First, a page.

8-1-1 health advice line launches in the NWT
The 8-1-1 line that NWT residents used during the pandemic to get answers to their Covid-19 questions is now a health advice line number.
While the territory’s Covid-19 Secretariat was decommissioned on April 1, the 8-1-1 helpline was preserved until June 30 so people could continue to reach out with Covid-19 questions.
At the time, health minister Julie Green said her department was looking at what other information could be provided via the 8-1-1 phone number.
The answer is health information and advice, which will now be available 24 hours a day, every day of the year, just like what is already offered across the rest of the country at the same number.
When you call the toll-free 8-1-1 number, you’ll be connected to a registered nurse who can answer questions about basic health issues and advice on managing certain symptoms. If they need to, nurses will refer callers to local health centres or hospitals for treatment.
“In unusual situations, you may have to wait up to 30 minutes to talk to a nurse. This is still probably quicker than the time it would take to talk to a local nurse or doctor. Of course, if you have an emergency – or think you do – you should seek help within your community right away,” the territorial government said.
While the nurses will not diagnose people over the phone, they can provide advice and next steps for seeking treatment. The GNWT provided a list of example questions and symptoms people can call about on its website.
The number is different from 9-1-1, the NWT’s health department stressed, saying anyone facing a medical emergency should still immediately call the 9-1-1 emergency number or go directly to a health centre. The 8-1-1 line is also different than the NWT Helpline – which currently offers support to people calling the 1 (800) 661-0844 about things like suicidal thought, assault, abuse, depression, and anxiety – and Canada’a upcoming 9-8-8 line, which will also offer mental health crisis and suicide prevention services as of November 30, 2023.
Like 9-1-1, the service is available in all of the NWT’s official languages thanks to a service provided by a company called CanTalk which provides 24/7 interpretation.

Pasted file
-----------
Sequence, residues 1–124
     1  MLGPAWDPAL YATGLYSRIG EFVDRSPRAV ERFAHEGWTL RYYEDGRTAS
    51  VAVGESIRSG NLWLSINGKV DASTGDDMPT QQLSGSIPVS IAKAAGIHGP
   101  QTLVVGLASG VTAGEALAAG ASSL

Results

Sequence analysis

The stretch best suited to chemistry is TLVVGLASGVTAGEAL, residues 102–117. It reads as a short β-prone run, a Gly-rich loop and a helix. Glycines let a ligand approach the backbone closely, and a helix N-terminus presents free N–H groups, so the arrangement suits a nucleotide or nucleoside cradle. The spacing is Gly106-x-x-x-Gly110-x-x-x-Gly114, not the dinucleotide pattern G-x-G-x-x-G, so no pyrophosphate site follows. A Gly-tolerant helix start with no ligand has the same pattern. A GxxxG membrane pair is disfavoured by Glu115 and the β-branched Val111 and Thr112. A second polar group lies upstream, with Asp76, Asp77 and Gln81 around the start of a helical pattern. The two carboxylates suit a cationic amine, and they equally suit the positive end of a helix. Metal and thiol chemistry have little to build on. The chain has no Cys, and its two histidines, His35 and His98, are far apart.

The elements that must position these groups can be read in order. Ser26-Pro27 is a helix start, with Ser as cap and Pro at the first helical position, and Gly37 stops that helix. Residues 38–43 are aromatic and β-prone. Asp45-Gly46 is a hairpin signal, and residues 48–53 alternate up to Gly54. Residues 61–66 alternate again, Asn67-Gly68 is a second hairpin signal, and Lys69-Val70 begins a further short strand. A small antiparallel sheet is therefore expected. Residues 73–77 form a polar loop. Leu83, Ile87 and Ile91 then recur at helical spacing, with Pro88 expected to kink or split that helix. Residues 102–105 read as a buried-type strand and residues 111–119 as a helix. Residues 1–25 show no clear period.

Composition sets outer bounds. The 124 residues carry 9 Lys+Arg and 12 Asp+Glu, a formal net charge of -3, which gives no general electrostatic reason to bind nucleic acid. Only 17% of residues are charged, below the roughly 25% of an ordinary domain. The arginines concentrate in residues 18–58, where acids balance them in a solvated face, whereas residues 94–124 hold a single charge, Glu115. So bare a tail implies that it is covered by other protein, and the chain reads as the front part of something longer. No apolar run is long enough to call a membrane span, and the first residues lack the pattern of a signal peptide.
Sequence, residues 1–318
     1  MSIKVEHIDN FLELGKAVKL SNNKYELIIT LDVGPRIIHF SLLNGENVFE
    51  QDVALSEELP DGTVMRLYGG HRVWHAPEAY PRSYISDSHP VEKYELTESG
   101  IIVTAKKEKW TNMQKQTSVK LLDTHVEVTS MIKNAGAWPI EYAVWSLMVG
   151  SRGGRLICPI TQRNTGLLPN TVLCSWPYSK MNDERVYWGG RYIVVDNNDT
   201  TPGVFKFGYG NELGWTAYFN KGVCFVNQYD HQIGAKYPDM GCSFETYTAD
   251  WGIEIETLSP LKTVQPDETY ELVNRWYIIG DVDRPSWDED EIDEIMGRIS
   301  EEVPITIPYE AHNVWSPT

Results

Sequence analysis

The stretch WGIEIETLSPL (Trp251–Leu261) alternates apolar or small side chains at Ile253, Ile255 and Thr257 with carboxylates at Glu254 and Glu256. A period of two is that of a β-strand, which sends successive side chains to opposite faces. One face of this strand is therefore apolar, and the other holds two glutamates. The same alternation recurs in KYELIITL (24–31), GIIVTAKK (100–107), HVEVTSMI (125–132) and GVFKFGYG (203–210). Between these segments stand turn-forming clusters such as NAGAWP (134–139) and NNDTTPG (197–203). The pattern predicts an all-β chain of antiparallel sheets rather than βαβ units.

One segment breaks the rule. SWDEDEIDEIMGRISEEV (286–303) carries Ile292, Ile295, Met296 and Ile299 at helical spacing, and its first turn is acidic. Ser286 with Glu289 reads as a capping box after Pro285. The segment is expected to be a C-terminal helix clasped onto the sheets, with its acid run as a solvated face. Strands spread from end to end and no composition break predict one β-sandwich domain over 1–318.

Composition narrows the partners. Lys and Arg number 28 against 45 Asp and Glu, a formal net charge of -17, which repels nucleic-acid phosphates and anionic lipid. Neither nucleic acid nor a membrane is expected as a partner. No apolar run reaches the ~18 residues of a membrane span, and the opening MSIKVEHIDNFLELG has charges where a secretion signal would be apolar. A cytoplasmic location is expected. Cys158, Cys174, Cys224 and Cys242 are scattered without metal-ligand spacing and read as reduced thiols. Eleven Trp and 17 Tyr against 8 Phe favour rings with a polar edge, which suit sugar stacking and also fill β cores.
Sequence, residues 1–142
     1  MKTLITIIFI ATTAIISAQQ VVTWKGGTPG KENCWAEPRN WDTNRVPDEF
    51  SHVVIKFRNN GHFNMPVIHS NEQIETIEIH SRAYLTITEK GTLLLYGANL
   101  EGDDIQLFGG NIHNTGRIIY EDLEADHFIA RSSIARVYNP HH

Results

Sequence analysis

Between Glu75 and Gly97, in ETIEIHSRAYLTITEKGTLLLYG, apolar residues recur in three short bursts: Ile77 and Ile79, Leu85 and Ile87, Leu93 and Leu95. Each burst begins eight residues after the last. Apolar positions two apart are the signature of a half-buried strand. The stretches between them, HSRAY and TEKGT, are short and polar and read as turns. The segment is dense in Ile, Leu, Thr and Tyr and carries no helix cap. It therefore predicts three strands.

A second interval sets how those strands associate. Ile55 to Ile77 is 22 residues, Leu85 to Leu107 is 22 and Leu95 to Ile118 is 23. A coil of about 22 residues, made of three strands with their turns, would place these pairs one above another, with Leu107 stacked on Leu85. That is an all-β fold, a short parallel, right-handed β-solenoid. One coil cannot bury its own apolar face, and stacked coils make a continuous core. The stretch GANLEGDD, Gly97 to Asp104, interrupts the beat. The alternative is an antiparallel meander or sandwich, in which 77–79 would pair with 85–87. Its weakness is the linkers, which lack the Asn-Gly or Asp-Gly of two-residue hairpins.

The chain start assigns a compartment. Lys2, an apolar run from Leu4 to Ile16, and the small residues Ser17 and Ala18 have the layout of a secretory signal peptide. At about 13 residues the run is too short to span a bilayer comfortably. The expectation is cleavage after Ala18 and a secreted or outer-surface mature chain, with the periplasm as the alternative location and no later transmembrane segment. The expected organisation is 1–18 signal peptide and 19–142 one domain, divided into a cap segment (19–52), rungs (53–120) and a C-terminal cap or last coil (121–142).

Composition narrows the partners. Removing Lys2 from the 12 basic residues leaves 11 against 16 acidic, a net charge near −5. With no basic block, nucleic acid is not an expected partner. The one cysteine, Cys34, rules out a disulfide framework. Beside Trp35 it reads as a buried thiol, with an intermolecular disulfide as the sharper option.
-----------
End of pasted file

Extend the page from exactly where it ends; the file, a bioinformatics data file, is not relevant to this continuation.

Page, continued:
“If you need interpretation services, the nurse contacts CanTalk. A three-way connection is established, usually within 45 seconds, and the interpreter stays on the line during the entire call,” said the GNWT on its website.
There are also options for residents who are deaf, hard of hearing, or speech impaired. They can use the Canada Video Relay Service and call 1 (844) 259-1793, the toll-free number associated with 8-1-1, to access health advice.
Since the GNWT doesn’t have enough nurses to handle health advice calls, it has contracted out the work to a company that has over 200 nurses working out of Newfoundland. The company also provides 8-1-1 services to other provinces in Canada, though the nurses who answer NWT calls will all be registered through the Registered Nurses Association of the Northwest Territories and Nunavut.
“These nurses have specialized training and use trusted, symptom-based algorithms for telehealth advice that are used in 95 percent of health call centres. They also use a computer database that tells them which health and support services are available in NWT communities. This means nurses provide high-quality health advice tailored to the needs of NWT callers,” the GNWT reassured, adding all of the nurses have also completed the GNWT’s Living Well Together cultural sensitivity training.
The territorial health department cautioned the 8-1-1- number may not work if people calling from a cell phone have wifi calling turned on.